537

I'm trying to read the content of test.txt(which is on the same folder of the Javascript source) and display it using this code:

var fs = require("fs");

fs.readFile("test.txt", function (err, data) {
    if (err) throw err;
    console.log(data);
});

The content of the test.txt was created on nano:

Testing Node.js readFile()

And I'm getting this:

Nathan-Camposs-MacBook-Pro:node_test Nathan$ node main.js
<Buffer 54 65 73 74 69 6e 67 20 4e 6f 64 65 2e 6a 73 20 72 65 61 64 46 69 6c 65 28 29>
Nathan-Camposs-MacBook-Pro:node_test Nathan$ 

8 Answers 8

760

From the docs:

If no encoding is specified, then the raw buffer is returned.

Which might explain the <Buffer ...>. Specify a valid encoding, for example utf-8, as your second parameter after the filename. Such as,

fs.readFile("test.txt", "utf8", function(err, data) {...});
0
198

Try:

    fs.readFile("test.txt", "utf8", function(err, data) {...});

Basically, you need to specify the encoding.

0
145

This comes up high on Google, so I'd like to add some contextual information about the original question (emphasis mine):

Why does Node.js' fs.readFile() return a buffer instead of string?

Because files aren't always text

Even if you as the programmer know it: Node has no idea what's in the file you're trying to read. It could be a text file, but it could just as well be a ZIP archive or a JPG image — Node doesn't know.

Because reading text files is tricky

Even if Node knew it were to read a text file, it still would have no idea which character encoding is used (i.e. how the bytes in the file map to human-readable characters), because the character encoding itself is not stored in the file.

There are ways to guess the character encoding of text files with more or less confidence (that's what text editors do when opening a file), but you usually don't want your code to rely on guesses without your explicit instruction.

Buffers to the rescue!

So, because it does not and can not know all these details, Node just reads the file byte for byte, without assuming anything about its contents.

And that's what the returned buffer is: an unopinionated container for the raw bytes in the file. How these bytes should be interpreted is up to you as the developer.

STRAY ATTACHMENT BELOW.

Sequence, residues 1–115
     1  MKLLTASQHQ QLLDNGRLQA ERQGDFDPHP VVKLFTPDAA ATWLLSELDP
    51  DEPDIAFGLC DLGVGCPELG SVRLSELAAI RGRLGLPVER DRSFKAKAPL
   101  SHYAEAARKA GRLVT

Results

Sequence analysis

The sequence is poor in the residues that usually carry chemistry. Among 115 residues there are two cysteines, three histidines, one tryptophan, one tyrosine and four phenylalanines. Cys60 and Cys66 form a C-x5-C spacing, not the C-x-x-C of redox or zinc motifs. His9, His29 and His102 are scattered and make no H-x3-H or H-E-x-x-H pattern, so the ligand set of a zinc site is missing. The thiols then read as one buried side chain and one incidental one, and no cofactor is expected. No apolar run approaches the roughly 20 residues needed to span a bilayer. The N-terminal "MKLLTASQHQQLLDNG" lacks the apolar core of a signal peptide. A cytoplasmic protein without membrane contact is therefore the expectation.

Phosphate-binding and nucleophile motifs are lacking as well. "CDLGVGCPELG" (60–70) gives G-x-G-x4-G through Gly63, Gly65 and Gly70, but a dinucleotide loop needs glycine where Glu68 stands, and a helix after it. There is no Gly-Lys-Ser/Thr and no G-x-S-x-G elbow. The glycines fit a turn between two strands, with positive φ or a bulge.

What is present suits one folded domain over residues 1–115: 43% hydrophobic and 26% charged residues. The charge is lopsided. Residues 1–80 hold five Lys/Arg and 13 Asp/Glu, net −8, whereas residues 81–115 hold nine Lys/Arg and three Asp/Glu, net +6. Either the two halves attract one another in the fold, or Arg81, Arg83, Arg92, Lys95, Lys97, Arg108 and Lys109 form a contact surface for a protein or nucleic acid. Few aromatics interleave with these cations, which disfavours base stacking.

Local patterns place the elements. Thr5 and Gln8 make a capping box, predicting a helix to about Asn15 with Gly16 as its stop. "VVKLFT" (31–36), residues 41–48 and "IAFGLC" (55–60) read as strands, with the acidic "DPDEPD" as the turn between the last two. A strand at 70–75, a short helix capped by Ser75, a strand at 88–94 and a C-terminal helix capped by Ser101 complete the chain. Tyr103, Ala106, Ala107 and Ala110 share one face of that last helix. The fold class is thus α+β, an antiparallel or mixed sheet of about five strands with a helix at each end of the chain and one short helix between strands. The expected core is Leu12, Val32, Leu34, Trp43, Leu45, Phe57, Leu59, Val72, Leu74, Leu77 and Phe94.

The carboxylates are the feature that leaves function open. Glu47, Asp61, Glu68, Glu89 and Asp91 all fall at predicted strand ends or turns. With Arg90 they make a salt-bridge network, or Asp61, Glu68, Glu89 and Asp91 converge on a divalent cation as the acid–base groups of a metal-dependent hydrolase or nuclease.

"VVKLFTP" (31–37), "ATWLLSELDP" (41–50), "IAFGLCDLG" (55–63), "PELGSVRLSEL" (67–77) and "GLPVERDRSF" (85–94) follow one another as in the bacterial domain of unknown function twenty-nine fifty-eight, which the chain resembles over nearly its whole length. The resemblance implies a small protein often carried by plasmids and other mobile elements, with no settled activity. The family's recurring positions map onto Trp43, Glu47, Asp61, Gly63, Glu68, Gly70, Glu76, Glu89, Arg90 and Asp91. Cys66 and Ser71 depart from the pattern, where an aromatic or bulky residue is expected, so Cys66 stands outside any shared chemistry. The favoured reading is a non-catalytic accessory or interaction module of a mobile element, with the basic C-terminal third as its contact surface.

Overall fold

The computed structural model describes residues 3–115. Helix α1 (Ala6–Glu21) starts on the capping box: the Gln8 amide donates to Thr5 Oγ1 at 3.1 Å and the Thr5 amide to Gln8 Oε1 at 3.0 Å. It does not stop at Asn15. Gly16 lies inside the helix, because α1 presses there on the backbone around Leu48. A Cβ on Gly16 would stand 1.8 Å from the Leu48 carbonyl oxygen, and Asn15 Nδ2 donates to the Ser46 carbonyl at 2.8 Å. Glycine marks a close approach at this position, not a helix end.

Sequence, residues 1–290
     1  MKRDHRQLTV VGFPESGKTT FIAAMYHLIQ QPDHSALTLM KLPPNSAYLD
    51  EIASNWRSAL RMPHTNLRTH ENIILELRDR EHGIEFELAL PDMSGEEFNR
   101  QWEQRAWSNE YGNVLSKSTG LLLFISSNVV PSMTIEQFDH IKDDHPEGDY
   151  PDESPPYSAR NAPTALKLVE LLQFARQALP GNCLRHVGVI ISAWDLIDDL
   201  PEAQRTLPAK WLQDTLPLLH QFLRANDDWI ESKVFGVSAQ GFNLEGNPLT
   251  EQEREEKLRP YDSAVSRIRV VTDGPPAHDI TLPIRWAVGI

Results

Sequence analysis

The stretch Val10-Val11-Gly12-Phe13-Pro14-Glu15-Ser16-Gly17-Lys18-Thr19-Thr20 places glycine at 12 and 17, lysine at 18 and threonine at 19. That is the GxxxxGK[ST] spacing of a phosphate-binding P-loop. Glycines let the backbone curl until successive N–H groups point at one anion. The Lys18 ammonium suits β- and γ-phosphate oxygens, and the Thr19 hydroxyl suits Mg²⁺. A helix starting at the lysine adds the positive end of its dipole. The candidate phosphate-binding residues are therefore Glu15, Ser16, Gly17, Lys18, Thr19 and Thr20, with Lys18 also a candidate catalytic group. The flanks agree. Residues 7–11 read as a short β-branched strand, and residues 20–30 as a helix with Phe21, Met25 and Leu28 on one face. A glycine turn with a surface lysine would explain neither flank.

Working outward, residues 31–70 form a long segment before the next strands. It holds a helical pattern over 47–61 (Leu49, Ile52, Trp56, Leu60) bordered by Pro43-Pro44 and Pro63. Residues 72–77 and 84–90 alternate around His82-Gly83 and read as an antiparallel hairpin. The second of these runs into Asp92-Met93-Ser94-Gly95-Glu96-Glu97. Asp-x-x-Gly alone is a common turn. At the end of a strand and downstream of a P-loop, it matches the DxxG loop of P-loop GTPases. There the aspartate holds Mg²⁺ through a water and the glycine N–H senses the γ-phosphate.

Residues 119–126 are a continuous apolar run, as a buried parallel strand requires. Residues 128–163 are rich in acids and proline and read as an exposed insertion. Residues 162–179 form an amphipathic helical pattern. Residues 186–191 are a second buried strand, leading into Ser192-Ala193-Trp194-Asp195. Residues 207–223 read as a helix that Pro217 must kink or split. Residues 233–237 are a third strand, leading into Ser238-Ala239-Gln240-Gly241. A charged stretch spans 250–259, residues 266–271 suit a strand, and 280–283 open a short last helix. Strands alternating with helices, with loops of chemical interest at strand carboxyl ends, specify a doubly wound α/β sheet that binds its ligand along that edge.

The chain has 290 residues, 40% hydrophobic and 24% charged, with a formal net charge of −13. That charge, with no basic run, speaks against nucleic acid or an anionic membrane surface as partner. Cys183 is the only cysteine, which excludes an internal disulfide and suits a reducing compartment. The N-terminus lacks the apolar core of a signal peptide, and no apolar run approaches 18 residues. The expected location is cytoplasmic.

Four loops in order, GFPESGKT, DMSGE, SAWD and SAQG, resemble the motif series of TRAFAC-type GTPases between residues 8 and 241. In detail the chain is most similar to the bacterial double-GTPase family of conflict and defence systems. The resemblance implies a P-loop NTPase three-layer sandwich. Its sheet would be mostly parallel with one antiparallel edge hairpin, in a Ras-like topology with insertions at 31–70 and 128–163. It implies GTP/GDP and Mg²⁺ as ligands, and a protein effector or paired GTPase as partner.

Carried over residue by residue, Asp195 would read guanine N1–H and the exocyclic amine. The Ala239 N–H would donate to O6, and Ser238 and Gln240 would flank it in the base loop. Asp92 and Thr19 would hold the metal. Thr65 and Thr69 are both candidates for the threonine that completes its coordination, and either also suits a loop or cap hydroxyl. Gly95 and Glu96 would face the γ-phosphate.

2
  • @Loilo Do readFile and readFileSync read all the bytes of the file or only the bytes representing the contents of the file? Nov 9, 2021 at 2:43
  • There was no original question. User @aarosil changed the title to make it the question and subsequently render existing answers wrong.
    – Corey
    Dec 31, 2023 at 6:52
61

Async:

fs.readFile('test.txt', 'utf8', callback);

Sync:

var content = fs.readFileSync('test.txt', 'utf8');
48

It is returning a Buffer object.

If you want it in a string, you can convert it with data.toString():

var fs = require("fs");

fs.readFile("test.txt", function (err, data) {
    if (err) throw err;
    console.log(data.toString());
});
1
  • 19
    Kind of old, but it should be known that this solution introduces extra overhead since buffer.toString() assumes utf-8 encoding anyway. Thus, this would be equivelant to (though, slower than) @hvgotcodes' answer.
    – Brandon
    Jul 23, 2013 at 21:15
22

The data variable contains a Buffer object. Convert it into ASCII encoding using the following syntax:

data = data.toString('ascii', 0, data.length)

Or to UTF-8 encoding:

data = data.toString('utf8', 0, data.length)

Asynchronously:

fs.readFile('test.txt', 'utf8', function (error, data) {
    if (error) throw error;
    console.log(data.toString());
});
1

You're missing the encoding scheme at the second parameter, which is usually be "utf-8". Plain buffer is returned if no coding scheme is mentioned.

-1

It is just a function to return content, to encode that you need to add encoding parameter such as "UTF-8"

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